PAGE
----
Sadly, we’re hearing more about strokes and blood clots lately. Apparently, this is a rare, but possible concern with COVID-19 and it is disheartening because, at first, researchers thought this virus stayed in the lungs. But now, we know it can penetrate all human tissues and organs. 

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A research study led by doctors at RCSI University of Medicine and Health Sciences in Dublin, Ireland found that some patients admitted to their hospital experienced abnormal clotting, and that this was the main contributing factor to their death. In those patients, they identified hundreds of tiny clots in the lungs. This explains why oxygen levels drop so quickly and so dramatically in the most severe cases of the disease.

Clotting in your blood matters. You want it to clot so you don’t get a paper cut and bleed to death. But you don’t want it to clot so much that the debris forms an obnoxious piece of gunk that ends up blocking blood flow to your brain, heart or lungs. There’s a healthy balance that’s in-between both extremes and we call the balance “homeostasis.”

Blood health can be manipulated by foods, spices and drugs. Clots do not happen to everyone who gets the virus, in fact, many people don’t even know they’ve been exposed or infected! So, as you consume my article, know that my intention is not to provoke fear, or anxiety, it is to offer sensible advice so you can improve your blood health.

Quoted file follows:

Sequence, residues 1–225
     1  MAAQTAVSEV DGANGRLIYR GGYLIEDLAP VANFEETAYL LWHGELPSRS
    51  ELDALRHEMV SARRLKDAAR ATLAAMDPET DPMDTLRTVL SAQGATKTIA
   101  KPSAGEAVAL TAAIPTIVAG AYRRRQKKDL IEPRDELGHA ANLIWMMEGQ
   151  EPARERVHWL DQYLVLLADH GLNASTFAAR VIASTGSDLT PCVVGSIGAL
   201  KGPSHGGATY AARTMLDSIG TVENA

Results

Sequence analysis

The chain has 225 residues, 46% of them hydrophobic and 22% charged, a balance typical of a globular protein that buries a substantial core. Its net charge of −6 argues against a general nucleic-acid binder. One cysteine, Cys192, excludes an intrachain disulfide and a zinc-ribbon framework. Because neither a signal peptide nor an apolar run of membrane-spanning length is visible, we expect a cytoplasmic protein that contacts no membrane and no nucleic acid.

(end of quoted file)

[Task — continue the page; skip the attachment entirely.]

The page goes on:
Since the immune system resides in the intestinal tract for the most part, your diet is what instantly changes your gut microflora and your ability to fight. 

The list of foods and spices below have natural anti-clotting properties, that’s why people who take anticoagulants may want to avoid these foods and spices or ask your doctor if they’re okay for you. Again, certain foods listed below will interfere with their PT/INR levels and medications. This is not a complete list:


  • Cayenne pepper
  • Thyme
  • Garlic
  • Cinnamon (contains coumarin, a powerful blood thinning agent)
  • Curry powder
  • Turmeric 


  • Ginger
  • Dill
  • Peppermint
  • Beets (high in nitrates)
  • Walnuts (high in vitamin E)
  • Salmon (omega 3 fatty acids)
  • Cherries
  • Citrus

I can email you a comprehensive version of this article with more foods if you join my online community. Sign up and I’ll see you in your inbox: 

The fear is crippling. And some of us should be more cautious if we’re in the group that is most severely impacted. But from the statistics that are publicly available, I can reassure you that, just like a cold or flu, the majority of infected folks will survive and thrive again.

We all need something positive to hold on to right now. And the truth is that most people survives and gets past it. This is a positive thought to hold on to. We don’t have control over the future. But we have control of our fork. If you feed your family a healthy amount of foods that support blood health, then you have even better odds of recovering. And that is my wish for all of us. 

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Suzy Cohen is a registered pharmacist. The information presented here is not intended to treat, cure or diagnose any condition. Visit

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